Marianthi Kiparaki Research Group

Elucidating the homeostatic mechanisms that safeguard tissue quality and organ size remains a major challenge in biology, necessary to acquire a deeper understanding of animal development and treat diseases.

Cell competition is one such quality control mechanism, where alterations in cellular properties are sensed non-autonomously in mosaic tissues, leading to the selective elimination of the “less-fit” population. Cell competition has been shown to be important to tissue homeostasis in both flies and mammals, acting as a quality control mechanism, optimizing tissue and organ fitness by eliminating suboptimal cells during development and adult life. Cell competition has also been involved in regeneration, aging and tumorigenesis. However, the mechanisms that determine cellular fitness and trigger competition remain elusive.

Cell competition was originally described in Drosophila, through the study of a class of dominant mutations in ribosomal protein (Rp) genes. In mosaic Drosophila tissues, cells heterozygous for mutations in ribosomal protein genes (Rp+/- cells) were selectively eliminated by wild-type cells. During my postdoctoral studies in the laboratory of Prof. Nicholas Baker, we identified the Xrp1 transcription factor, as the master regulator of the stress response pathway triggered in Rp+/- cells. We showed that Xrp1 controls most of the Rp+/- phenotypes, including the transcriptional changes, translation, growth, and cell competition. Recently, we showed that cells with multiple defects in ribosome biogenesis or function are eliminated by Xrp1 dependent cell competition. Interestingly, we found that Xrp1, in addition to single-copy genes, regulates multiple transposable elements (TEs) in Rp+/- cells. TEs are increasingly recognized to be involved not only in genome evolution, but also in various diseases.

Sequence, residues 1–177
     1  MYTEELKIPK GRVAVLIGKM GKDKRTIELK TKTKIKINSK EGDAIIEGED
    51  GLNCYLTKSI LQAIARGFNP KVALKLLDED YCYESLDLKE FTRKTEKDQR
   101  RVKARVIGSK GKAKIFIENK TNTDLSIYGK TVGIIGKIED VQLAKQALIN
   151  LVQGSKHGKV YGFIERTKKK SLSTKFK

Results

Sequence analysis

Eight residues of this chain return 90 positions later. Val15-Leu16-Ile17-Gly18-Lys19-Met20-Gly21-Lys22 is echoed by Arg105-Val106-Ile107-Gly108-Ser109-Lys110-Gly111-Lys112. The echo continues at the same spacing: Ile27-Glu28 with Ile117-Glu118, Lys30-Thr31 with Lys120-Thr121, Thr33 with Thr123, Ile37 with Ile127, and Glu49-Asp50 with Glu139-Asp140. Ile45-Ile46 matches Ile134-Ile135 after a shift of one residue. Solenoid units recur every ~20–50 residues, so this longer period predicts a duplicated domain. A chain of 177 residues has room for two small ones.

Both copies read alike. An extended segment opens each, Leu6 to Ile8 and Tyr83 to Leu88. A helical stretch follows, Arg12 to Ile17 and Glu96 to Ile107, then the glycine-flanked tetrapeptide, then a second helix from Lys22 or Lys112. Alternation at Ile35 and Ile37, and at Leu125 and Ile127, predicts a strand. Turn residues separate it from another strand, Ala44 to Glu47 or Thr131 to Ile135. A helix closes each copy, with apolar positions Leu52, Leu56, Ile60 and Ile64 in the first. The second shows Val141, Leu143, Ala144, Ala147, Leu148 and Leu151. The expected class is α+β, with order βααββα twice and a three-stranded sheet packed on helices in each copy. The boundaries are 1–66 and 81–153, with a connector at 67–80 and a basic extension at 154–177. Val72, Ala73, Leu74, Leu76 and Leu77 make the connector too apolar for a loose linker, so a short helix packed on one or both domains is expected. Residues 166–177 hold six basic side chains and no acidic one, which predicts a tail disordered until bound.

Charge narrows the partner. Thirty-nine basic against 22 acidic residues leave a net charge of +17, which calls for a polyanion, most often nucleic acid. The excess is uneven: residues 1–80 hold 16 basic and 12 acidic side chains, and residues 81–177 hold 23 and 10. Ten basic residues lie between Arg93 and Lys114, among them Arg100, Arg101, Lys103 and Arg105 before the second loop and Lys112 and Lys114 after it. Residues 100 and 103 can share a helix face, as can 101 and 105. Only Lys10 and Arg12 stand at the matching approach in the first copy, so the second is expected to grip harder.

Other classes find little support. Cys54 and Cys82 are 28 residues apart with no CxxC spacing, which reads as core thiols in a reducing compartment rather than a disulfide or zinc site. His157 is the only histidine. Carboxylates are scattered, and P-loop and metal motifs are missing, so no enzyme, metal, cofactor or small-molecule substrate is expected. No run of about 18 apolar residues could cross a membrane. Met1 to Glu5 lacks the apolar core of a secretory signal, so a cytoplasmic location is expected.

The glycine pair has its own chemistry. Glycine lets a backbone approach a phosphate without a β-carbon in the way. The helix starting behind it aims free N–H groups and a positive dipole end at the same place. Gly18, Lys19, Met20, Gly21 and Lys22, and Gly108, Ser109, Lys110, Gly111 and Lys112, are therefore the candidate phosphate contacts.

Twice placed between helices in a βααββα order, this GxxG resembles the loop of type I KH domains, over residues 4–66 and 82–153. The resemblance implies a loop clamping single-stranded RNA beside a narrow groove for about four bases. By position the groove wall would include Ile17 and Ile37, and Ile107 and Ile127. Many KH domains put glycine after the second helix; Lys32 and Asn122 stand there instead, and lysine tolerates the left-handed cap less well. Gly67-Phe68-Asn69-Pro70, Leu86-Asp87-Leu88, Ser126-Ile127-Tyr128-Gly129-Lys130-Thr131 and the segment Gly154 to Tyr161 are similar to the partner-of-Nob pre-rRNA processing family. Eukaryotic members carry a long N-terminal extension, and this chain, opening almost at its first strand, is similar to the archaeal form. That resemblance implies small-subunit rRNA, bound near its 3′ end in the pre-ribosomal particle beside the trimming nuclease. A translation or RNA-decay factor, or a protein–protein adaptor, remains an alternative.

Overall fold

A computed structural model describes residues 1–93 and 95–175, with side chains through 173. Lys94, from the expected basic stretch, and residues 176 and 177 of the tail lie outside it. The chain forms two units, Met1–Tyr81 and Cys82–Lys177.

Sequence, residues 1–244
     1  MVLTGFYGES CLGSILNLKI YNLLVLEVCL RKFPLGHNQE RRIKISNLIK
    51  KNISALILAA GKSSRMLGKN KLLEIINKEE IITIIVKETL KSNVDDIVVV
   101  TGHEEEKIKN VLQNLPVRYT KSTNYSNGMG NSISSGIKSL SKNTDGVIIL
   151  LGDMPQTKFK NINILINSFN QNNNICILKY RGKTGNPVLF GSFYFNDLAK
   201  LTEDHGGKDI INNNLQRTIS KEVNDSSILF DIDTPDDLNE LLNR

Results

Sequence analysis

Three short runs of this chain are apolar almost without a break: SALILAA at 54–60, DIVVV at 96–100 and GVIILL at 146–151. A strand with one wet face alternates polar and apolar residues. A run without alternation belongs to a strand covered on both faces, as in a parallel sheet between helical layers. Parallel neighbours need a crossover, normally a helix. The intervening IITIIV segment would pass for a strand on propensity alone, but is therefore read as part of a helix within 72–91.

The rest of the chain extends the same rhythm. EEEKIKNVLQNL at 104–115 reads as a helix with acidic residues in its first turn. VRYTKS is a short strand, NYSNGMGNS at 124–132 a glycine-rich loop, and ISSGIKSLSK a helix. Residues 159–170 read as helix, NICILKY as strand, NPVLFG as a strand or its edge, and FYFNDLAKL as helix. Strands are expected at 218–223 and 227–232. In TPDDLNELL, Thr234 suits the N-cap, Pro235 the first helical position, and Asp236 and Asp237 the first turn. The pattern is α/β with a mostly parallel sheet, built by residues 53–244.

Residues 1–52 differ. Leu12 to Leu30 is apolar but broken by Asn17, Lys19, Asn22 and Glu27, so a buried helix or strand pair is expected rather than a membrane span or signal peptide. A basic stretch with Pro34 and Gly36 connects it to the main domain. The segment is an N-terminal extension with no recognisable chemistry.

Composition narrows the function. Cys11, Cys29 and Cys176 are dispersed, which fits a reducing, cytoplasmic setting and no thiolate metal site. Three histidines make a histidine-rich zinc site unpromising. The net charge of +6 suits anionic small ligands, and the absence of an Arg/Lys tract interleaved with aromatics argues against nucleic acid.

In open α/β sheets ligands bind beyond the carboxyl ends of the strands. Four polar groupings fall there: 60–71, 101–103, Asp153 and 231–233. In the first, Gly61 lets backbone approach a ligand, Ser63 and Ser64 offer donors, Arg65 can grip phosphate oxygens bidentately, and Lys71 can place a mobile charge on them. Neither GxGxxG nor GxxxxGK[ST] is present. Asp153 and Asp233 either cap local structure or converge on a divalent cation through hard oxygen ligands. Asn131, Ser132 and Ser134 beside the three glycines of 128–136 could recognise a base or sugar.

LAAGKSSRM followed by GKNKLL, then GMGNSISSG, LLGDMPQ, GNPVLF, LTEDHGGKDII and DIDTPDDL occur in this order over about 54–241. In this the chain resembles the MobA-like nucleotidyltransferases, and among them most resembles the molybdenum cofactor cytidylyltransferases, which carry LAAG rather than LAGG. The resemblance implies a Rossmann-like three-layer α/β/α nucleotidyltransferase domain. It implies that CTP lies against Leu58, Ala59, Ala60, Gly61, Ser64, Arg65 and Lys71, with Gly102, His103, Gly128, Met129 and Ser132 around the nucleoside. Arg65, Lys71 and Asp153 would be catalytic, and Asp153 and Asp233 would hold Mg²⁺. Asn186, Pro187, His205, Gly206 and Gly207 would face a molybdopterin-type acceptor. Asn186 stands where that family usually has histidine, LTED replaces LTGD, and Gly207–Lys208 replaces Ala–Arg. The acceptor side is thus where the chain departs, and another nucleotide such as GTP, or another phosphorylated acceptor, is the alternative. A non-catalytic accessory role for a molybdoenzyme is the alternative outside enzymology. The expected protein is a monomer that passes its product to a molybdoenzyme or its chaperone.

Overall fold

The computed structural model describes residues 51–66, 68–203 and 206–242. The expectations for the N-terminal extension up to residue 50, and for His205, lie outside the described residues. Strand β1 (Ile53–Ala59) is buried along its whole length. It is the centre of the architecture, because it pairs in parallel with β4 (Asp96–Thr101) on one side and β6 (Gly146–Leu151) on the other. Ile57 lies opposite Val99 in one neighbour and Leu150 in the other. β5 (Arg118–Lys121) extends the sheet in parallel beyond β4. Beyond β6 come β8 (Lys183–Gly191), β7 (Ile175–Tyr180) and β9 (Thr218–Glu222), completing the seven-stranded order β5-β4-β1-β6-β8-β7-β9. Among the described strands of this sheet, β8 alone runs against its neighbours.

Heterozygous Rp+/- mutant flies (called Minutes) are viable, with near-normal size, although they present slower developmental rates, shorter bristles, poor fertility and reduced survival. Interestingly, heterozygous Rp mutations in humans have been identified as causal of Diamond Blackfan Anemia (DBA), an inherited bone marrow failure syndrome, characterized also by short stature, delayed maturation and skeletal defects. DBA belongs to the broader class of ribosomopathies, which are diseases linked to defects in ribosome biogenesis and function. Paradoxically, ribosomopathy patients present higher risk of cancer later in life and mutations in Rp genes promote cancer. There is a potential link between p53 in mammalian Ribosomopathies and Xrp1 in Drosophila Minutes. Also, given the evolutionary conservation of the ribosome machinery, studying Rp+/- mutant responses in Drosophila, will also provide us with a better understanding of the stress responses in human ribosomopathies and cancer.

Our research aims to contribute to the following aspects of developmental biology:

  • elucidating the mechanisms driving cell competition
  • elucidating the autonomous and non-autonomous stress responses upon ribosomal defects in proliferative and post-mitotic cells
  • investigating the role of Transposable Elements in Ribosome mutant cells and in Cell Competition

We will apply genetic, transcriptomic, proteomic and pharmaceutical approaches in Drosophila to achieve our aims.

We are seeking for undergraduate and graduate students, with genuine interest in mechanisms that govern developmental biology, to join our team.